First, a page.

As a showcase for the very best of art in the region, the Hastings City Art Gallery is our jewel in the crown, but in some ways the creative heart of Hastings can be found in the Hastings Community Arts Centre in Russell Street. Exhibitions change there every fortnight as local artists display their paintings, drawings, sculpture, photographs, ceramics, wood turning, fabric art and jewellery. Even the Live Poets perform there every month.
The number of local people who create things and show them here each year must be well up in the hundreds. Last September’s Humanities Art Classes exhibition alone showed the work of more than seventy artists and there would have been over 300 people at the opening of this show. Exhibiting work is no small deal and it takes some courage to expose your best efforts to the critical gaze of the general public.
Yes, the standard is hugely variable. I have seen some wonderful works at Russell Street and some at the other end of the scale, but that is not the point. These are extraordinary ordinary people, doing things and extending themselves. They enrich our community. In fact, part of the appeal of Russell St is that you never know what to expect there and you can be surprised and delighted by what you find.
Highlight of the year for me was Alan Baldwin’s marvellous Urewera photographs, taken some 50 years ago of some of the last kuia to wear traditionally done moko; truly a touchstone with our past. The Centre also functions as a proving ground for emerging artists who are serious about advancing themselves on a wider stage. The Community Arts Centre is eccentric, eclectic and egalitarian. It is a community treasure.
Sheer numbers make the Humanities Art Classes exhibition the biggest event of the year there and the driving force behind them is their inspirational tutor, Helen Kerridge. Her success as a teacher should not, however, overshadow her achievements as one of the better painters in our region, certainly one of my favourites. It would be easy to underrate the paintings of Helen Kerridge because they are so technically proficient. By this I mean that one could read them as no more than skilfully rendered pieces of representation, but with Kerridge there is always another layer of meaning, hinting at issues beyond the objects shown.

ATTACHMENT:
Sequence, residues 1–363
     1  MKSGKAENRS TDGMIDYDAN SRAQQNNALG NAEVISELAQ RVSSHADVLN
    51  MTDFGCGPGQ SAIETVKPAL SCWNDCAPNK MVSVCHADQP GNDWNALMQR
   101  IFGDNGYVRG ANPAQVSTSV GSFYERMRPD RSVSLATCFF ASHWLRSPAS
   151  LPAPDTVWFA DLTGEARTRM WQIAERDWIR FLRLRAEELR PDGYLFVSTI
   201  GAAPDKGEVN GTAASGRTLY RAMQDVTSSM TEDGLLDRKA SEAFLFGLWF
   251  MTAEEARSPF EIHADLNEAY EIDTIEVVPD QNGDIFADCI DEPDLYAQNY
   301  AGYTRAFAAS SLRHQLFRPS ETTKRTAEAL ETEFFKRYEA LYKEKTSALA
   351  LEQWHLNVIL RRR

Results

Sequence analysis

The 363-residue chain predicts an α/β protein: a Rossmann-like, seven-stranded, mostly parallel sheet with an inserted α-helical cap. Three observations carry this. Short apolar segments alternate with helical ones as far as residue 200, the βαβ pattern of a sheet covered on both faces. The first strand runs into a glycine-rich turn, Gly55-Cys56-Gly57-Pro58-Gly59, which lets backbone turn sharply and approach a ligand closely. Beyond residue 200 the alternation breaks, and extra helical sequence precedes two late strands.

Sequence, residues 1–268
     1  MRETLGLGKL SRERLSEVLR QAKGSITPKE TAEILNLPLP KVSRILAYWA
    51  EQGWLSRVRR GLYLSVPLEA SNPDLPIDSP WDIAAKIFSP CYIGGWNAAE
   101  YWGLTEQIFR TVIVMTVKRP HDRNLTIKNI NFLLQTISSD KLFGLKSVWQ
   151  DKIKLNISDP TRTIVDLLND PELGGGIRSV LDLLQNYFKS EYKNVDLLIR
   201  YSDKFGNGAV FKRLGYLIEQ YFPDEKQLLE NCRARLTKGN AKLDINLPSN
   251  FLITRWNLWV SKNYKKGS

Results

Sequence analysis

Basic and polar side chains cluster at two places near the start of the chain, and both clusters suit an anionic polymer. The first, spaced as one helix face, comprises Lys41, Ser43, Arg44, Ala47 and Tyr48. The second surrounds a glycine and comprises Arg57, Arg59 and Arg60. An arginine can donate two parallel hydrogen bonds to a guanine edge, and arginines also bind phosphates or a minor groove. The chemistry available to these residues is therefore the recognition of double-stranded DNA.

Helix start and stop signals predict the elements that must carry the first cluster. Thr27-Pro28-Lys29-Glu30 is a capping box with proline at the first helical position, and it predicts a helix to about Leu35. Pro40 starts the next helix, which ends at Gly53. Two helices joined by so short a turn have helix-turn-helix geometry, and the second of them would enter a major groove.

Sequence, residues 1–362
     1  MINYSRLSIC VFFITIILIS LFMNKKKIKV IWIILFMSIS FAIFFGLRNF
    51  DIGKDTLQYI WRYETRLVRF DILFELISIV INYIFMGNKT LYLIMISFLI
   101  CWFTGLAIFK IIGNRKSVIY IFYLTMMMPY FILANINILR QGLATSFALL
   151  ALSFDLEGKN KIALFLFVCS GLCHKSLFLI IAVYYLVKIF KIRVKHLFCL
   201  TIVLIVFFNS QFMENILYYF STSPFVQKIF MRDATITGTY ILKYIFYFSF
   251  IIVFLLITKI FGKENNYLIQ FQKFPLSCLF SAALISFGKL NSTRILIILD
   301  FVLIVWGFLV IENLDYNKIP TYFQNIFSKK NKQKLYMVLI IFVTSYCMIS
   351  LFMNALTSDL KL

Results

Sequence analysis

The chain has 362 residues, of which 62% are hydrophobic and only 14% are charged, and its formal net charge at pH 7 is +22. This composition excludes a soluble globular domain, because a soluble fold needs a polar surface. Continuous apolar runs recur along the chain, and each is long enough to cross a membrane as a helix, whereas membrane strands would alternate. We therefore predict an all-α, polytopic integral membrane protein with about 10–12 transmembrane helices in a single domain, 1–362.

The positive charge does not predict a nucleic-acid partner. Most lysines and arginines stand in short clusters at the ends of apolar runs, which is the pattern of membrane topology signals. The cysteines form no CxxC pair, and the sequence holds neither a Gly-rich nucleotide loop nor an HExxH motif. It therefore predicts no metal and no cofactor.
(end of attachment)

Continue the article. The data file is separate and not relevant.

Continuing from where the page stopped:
For example, her This is Not a Wine Glass painting in the East 2012 exhibition was prompted by empty shops and failing businesses in Hastings as local lives and hopes are affected by global failures beyond our control. It reprises a symbol from 17th and 18th century Dutch still life painters like Willem Heda in whose paintings the minor disaster of a spilled wine glass spoke of greater disasters and mortality. These pictures are better than they look! The wineglass is also a potent local marketing image and Kerridge has made tongue in cheek references in other works to Dick Frizzell’s marketing of art and wine. Frizzell, himself a master of tongue in cheek, apparently gave her a nod of approval.
Two hundred years ago the Spanish artist, Goya, made an intensely moving series of etchings and paintings portraying the violence, corruption and superstition rife in Spain at that time. Kerridge was struck by the parallels between Goya’s Spain and contemporary news events and she references his images in several works. Her painting Jason Ponders the Length of a Piece of String adapts the nightmare images of a Goya etching and the infant Romulus and Remus of a Reubens painting to respond to some of the early ethical abuses of genetic engineering. The bemused little boy watching all of this also comes from a Goya painting, but Kerridge has kiwified him from a Spanish prince into the son of one of her friends.
While Kerridge contends that the ideas behind her works are all-important, she shows a fascination with images for their own sake. Subtle nuances of light and shadow are carefully reproduced and her compositions are meticulously organised. Even the newspaper clippings shown in some works are painstakingly painted. She declines to use collage because the act of painting them provides a special point of difference.
Like most good artists Kerridge has a stubborn streak. When she studied at EIT she says “they tried to loosen me up but the more they tried the tighter I became.” So is there a danger that the stream of ideas will dry up? “No,” she says, “I just have to look in the newspaper.”
In my review of East 2012 last issue, I suggested that you could make a very decent exhibition from local artists who were not in that show. Well, off the top of my head, here are a few names that come to mind of other artists I have seen locally in the last year or so: Jill Webster, Michael Hawksworth, Ricks Terstappen, Paula Taafe, Anthony Chiappin, Ben Pearce, Chris Bryant-Toi, Sandy Adsett, Gary Waldrom, William Jamieson, Deborah Smith, Mark Smith, Freeman White, Leslie Falls and Grant Beran.
Some of these were not selected and others didn’t apply for entry and you could probably never get them all together in the same place. But it does have a healthy look about it, doesn’t it?
It also suggests that the credibility achieved by East 2012 could attract even wider participation from locally-connected artists in East 2014, which could raise it to one of the more nationally significant art events of the year.